Company A enters in an employment agreement with Sales Manager. The employment agreement provides that, upon termination of the agreement, Sales Manager is prohibited from working for any competitor of Company A in any capacity for ten years. The agreement also provides that, in the event of a breach of this covenant, Sales Manager will be liable for $5,000,000 in liquidated damages.
- Is the covenant an enforceable agreement in restraint of trade? Why or why not?
- If you believe that the covenant is unenforceable, what changes would you recommend to make it enforceable?
- Sales Manager leaves Company A and goes to work for Company B, a competitor of Company A. Company A sues and demands payment of $5,000,000 in liquidated damages. Assuming the agreement in partial restraint of trade is otherwise enforceable, will Company A be entitled to a judgment in the amount of $5,000,000 against Sales Manager? Why or why not?
Company A enters into an agreement with Company B to purchase widgets from Company B for a two-year period. The contract sets forth quality standards that require at least 95% of the widgets to be suitable for Company A's purposes. From the first month of the arrangement, only 90% of the widgets met the quality standards. At first, Company A does not advise Company B of the problem because Company A needs to keep its production line moving and it hopes that Acme will improve its performance. However, after six months, Company A wants to terminate the contract.
- What contract clause or clauses should Company A review before terminating the agreement?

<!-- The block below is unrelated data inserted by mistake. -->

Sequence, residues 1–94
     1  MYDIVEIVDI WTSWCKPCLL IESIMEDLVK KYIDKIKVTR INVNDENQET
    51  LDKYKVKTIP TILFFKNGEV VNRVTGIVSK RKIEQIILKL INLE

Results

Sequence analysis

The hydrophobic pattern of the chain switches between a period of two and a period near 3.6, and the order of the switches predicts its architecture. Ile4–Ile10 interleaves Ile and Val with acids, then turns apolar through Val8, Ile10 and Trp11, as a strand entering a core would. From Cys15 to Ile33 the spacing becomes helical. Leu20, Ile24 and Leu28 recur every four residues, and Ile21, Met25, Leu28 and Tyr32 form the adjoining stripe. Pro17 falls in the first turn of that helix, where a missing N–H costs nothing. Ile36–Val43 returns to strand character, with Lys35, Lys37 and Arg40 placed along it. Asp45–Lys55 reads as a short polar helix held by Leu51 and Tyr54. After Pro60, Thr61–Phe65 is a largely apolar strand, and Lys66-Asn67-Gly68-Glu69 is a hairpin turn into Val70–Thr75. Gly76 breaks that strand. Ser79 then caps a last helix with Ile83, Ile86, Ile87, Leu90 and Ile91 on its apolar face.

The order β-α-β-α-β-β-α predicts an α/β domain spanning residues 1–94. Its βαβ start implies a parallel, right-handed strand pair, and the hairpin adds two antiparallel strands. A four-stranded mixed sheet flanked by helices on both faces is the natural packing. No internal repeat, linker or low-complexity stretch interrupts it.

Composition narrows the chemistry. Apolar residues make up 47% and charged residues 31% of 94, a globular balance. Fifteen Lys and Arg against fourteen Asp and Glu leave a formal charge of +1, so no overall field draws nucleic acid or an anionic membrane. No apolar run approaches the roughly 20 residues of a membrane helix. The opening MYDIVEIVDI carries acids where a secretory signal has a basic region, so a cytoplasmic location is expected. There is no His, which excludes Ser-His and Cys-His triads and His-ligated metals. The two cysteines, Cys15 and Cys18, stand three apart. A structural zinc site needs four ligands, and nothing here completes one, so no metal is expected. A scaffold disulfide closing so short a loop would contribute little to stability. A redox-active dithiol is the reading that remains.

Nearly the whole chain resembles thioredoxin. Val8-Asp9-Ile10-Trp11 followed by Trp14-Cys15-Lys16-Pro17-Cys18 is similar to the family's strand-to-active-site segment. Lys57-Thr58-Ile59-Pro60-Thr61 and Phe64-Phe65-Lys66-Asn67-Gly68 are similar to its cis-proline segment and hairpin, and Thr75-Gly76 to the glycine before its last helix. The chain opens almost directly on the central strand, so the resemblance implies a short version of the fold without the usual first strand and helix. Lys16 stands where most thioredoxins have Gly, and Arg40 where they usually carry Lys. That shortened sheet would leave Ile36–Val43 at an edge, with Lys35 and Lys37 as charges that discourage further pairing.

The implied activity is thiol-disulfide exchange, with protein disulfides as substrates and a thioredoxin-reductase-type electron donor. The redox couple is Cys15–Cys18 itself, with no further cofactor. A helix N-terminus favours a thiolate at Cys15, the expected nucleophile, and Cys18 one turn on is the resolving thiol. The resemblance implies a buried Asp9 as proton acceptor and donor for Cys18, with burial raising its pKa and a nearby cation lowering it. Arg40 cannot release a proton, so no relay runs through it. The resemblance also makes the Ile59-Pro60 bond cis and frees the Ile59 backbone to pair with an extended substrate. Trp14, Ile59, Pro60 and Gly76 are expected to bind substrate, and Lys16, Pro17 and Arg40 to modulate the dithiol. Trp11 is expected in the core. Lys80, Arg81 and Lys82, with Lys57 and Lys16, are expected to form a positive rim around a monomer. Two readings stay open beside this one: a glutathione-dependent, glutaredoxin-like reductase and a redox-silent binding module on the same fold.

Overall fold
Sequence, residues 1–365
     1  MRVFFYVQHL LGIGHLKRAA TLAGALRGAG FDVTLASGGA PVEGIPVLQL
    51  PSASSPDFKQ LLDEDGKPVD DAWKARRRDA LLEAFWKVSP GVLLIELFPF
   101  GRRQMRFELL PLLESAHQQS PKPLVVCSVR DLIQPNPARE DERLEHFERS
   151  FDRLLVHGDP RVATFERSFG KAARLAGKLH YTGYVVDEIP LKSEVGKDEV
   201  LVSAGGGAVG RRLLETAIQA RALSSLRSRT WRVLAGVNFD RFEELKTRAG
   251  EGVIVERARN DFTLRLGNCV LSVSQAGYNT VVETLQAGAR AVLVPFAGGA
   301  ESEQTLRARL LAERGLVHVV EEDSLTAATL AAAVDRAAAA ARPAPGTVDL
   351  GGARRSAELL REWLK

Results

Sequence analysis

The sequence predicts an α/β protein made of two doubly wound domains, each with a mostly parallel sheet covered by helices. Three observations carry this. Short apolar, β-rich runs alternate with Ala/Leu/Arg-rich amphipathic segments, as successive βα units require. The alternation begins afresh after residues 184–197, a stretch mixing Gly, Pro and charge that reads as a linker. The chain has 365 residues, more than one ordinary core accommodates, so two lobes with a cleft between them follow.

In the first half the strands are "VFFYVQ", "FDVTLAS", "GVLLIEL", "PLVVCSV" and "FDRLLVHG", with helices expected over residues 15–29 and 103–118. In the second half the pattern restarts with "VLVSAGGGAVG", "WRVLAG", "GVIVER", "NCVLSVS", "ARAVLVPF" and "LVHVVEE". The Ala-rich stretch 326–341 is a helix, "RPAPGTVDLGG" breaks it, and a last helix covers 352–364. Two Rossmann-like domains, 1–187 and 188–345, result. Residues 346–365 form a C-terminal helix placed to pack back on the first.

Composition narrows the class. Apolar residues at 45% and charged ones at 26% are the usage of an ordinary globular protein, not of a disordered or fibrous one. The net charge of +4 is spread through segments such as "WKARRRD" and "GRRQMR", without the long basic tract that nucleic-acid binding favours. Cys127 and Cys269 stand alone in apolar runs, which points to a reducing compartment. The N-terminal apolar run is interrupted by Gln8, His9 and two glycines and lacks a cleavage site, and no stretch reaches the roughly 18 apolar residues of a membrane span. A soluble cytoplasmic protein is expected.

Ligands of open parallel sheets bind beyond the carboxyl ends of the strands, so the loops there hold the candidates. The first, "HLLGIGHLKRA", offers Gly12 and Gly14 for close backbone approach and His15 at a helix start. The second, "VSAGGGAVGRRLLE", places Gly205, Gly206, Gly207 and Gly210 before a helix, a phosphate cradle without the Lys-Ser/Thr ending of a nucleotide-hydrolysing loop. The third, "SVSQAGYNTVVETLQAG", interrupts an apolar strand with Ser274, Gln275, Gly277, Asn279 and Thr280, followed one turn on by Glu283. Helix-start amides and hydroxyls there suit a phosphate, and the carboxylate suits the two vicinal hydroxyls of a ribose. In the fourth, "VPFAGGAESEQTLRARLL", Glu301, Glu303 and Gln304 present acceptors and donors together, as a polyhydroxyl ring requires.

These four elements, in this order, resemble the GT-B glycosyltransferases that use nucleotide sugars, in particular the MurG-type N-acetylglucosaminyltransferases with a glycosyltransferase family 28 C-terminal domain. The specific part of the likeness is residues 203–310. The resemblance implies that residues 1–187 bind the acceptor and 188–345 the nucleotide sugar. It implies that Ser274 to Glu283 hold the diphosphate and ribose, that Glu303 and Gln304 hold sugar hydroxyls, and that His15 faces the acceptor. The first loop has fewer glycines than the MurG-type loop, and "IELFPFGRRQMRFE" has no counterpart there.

- Assume the same facts except Company A's Production Manager orally tells Company B that it can live with the 90% quality level but Company B needs to improve its performance. Does this modify the contract? What contract clause or clauses would you review to determine your answer to this problem and why? Would your answer be different if the Production Manager sent a letter? Why or why not?
- What defenses could Company B assert against Company A?
- Assume that Company B sues Company A. Since Company B is a small company with few resources, Company B wants to recover its attorneys' fees. Is this possible? What contract clauses should be reviewed and why?
Company A enters into a contract with Company B that requires Company B to use its best efforts to create a positive public image for Company A in consideration for payment in the amount of $10,000 per month. After three months, Company B has placed only one newspaper article about Company A, and Company A stops making the $10,000 per month payments.
- What contract clause or clauses should Company A review before stopping payments?
- What claims are Company A likely to make against Company B?
- What defenses are Company B likely to assert against Company A?
- Would it make any difference if the contract required "commercially reasonable best efforts"? Why or why not?